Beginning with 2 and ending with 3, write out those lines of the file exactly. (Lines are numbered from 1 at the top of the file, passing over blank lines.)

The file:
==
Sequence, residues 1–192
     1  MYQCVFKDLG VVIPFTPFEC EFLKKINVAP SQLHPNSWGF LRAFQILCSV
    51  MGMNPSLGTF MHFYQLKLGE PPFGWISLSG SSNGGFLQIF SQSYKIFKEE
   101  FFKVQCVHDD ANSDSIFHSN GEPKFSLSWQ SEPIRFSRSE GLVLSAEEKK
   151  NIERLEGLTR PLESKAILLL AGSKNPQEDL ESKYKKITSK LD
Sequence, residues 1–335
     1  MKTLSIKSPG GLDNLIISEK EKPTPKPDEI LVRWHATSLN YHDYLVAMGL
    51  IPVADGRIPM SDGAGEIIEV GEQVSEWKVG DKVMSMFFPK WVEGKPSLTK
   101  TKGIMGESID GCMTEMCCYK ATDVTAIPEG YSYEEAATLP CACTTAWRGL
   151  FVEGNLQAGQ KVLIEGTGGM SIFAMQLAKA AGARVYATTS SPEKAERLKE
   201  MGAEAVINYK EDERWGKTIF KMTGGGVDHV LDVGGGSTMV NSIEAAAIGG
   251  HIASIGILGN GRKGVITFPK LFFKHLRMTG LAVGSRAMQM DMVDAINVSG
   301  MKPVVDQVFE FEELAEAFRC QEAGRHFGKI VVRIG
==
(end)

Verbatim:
     1  MYQCVFKDLG VVIPFTPFEC EFLKKINVAP SQLHPNSWGF LRAFQILCSV
    51  MGMNPSLGTF MHFYQLKLGE PPFGWISLSG SSNGGFLQIF SQSYKIFKEE